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Sainsbury Laboratory


Edwige Moyroud

Research Group Leader

Sainsbury Laboratory Cambridge
University of Cambridge
Bateman Street

Cambridge CB2 1LR

Office Phone01223 761163
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Research Interests

The Moyroud group studies the mechanisms that account for pattern formation in petals at the molecular, cellular, biophysical and ecological levels. The colourful patterns on the petal of flowering plants are key to attracting pollinators and as such participate directly in the reproductive success of a species. Because these patterns are often highly elaborate and combine differences in pigmentation, cell shape and ornamentation of the cuticle (a waxy layer that protects plant surfaces), their development is tightly regulated to generate neighbouring tissues with distinct properties. This complexity warrants a multi-scale approach to expand our limited understanding of how these developmental patterns are controlled and whether the mechanisms are common across the 350,000 flowering plant species.

A key question is how such clear boundaries are established within the petal epidermis. Bullseye patterns, where the centre of the flower contrasts clearly with its periphery, are excellent examples of such a phenomenon and are commonly encountered in flowering plants.

We are now investigating pattern formation in the petals of Venice mallow, a small hibiscus species that we can efficiently transform. The flowers of this emerging model system exhibit a bullseye pattern: the dark proximal region possesses flat, heavily striated cells that produce an iridescent cue for pollinators, while the cells in the white distal region are conical and smooth, providing grip for visiting insects. We have found that the overall effect is due to the development of adjacent regions with contrasting pigmentation, cell shape and cuticular patterns.

To understand how the bullseye pattern is built, our group will combine naïve approaches with targeted strategies using emerging technologies and state-of-the art in planta imaging. This project is highly interdisciplinary and relies on our strong collaborative environment.


  • Understand how boundaries are set within a tissue in a coordinate fashion to generate functional patterns.
  • Test the potential role of flavonoids as developmental regulators coordinating patterning mechanisms at multiple scales.
  • Understand how evolution tinkers with these mechanisms to generate pattern variations between species or populations.


Key Publications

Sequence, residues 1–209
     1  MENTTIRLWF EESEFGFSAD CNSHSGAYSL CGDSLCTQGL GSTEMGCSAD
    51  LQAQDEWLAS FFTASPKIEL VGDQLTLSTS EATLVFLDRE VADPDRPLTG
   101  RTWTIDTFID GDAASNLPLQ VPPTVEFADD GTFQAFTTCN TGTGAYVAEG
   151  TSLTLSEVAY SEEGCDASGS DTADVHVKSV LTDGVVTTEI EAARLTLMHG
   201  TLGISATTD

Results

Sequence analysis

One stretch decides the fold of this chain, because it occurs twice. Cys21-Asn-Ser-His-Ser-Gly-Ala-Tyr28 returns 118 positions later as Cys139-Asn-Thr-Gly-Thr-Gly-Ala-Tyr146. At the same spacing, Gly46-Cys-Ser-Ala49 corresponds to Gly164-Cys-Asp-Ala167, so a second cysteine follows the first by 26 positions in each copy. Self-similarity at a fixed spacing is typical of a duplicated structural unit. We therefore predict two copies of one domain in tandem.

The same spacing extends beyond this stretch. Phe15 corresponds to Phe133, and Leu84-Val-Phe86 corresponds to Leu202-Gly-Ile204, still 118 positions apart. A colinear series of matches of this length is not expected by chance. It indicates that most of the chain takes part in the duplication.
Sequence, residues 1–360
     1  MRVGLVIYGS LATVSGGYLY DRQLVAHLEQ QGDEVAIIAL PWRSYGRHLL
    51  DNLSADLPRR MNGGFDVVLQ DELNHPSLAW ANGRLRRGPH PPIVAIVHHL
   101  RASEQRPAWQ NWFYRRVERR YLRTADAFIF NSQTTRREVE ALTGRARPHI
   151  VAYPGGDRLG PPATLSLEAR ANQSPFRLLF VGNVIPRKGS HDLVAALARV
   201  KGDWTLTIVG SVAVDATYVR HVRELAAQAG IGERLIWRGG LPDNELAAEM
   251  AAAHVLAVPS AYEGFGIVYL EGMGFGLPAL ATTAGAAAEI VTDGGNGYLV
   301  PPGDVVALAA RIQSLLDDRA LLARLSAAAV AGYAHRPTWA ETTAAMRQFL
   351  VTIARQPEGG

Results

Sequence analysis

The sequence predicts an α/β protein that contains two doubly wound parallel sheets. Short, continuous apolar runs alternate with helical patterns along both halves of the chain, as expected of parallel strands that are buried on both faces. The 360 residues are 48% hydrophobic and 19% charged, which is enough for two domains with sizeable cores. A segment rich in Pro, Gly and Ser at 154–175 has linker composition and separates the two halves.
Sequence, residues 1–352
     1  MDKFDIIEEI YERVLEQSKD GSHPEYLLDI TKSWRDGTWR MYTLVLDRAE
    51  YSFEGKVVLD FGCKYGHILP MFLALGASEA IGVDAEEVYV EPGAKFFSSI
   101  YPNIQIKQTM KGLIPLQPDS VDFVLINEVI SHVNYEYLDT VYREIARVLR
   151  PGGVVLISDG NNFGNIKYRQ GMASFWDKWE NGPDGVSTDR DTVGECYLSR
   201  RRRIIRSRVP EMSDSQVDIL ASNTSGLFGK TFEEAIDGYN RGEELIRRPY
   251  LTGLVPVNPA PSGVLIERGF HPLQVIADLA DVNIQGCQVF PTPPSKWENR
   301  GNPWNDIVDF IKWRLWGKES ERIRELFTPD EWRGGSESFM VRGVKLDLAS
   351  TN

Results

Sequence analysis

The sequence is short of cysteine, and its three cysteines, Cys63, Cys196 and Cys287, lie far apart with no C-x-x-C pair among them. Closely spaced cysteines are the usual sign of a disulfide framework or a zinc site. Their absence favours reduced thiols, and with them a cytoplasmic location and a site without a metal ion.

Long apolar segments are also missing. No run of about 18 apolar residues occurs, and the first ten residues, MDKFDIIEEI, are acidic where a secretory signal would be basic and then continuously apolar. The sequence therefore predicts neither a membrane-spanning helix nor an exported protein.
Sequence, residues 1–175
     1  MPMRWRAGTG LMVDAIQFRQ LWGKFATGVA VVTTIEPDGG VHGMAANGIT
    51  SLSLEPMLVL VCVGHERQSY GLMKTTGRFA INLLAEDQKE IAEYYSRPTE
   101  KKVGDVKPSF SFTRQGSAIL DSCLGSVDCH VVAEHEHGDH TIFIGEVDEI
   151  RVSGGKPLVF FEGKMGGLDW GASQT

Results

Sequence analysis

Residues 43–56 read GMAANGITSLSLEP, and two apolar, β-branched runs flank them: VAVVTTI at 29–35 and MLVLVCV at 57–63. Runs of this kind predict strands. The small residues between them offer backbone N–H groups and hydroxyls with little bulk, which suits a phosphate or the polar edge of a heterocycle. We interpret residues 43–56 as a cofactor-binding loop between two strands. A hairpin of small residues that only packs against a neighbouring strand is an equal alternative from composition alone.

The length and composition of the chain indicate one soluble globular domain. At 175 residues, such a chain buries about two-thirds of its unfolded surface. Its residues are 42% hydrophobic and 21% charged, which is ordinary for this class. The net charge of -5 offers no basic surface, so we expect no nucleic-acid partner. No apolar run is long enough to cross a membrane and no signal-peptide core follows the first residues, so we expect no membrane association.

Selected publications

Moyroud, E., Wenzel, T., Middleton, R., Rudall, P.J., Banks, H., Reed, A., Mellers, G., Killoran, P., Westwood, M.M., Steiner, U., et al. (2017). Disorder in convergent floral nanostructures enhances signalling to bees. Nature.

Giorio, C., Moyroud, E., Glover, B.J., Skelton, P.C., and Kalberer, M. (2015). Direct Surface Analysis Coupled to High-Resolution Mass Spectrometry Reveals Heterogeneous Composition of the Cuticle of Hibiscus trionum Petals. Anal. Chem. 87, 9900–9907. Available at:

Vignolini, S., Moyroud, E., Hingant, T., Banks, H., Rudall, P.J., Steiner, U., Glover, B.J. (2014) The flower of Hibiscus trionum is both visibly and measurably iridescent. New Phytol., 196 (4), 1038-1047.
Available at:

Antoniou Kourounioti, R.L., Band, L.R., Fozard, J.A., Hampstead, A., Lovrics, A., Moyroud, E., Vignolini, S., King, J.R., Jensen, O.E., and Glover, B.J. (2013). Buckling as an origin of ordered cuticular patterns in flower petals. J. R. Soc. Interface 10, 20120847. Available at:



Moyroud, E., and Glover, B.J. (2017). The Evolution of Diverse Floral Morphologies. Current Biology. 27, R941–R951.

Moyroud, E., and Glover, B.J. (2016). The physics of pollinator attraction. New Phytol.
Available at:

Glover, B.J., Airoldi, C.A., Brockington, S.F., Fernández-Mazuecos, M., Martínez-Pérez, C., Mellers, G., Moyroud, E., and Taylor, L. (2015). How Have Advances in Comparative Floral Development Influenced Our Understanding of Floral Evolution? Int. J. Plant Sci. 176, 307–323.
Available at:

Vignolini, S., Moyroud, E., Glover, B.J., and Steiner, U. (2013). Analysing photonic structures in plants. J. R. Soc. Interface 10, 20130394.
Available at:

 Funding provided by

BBSRC, Isaac Newton Trust, Wellcome Trust and Gatsby Charitable Foundation


Bullseye pattern in Hibiscus trionum: an anthocyanin-rich region with flat striated cells contrast with a white region with smooth conical cells.


Transgenic H. trionum expressing a fluorescent eYFP protein targeted to the plasma membrane. Top: H. trionum plantlet regenerating from callus. Middle: Confocal image of petal epidermis in young bud. Bottom: 3D reconstruction of epidermis cells in developing petal.

Moyroud Group Members


Summer Students

Hrushikesh Loya

Eleni Klidaras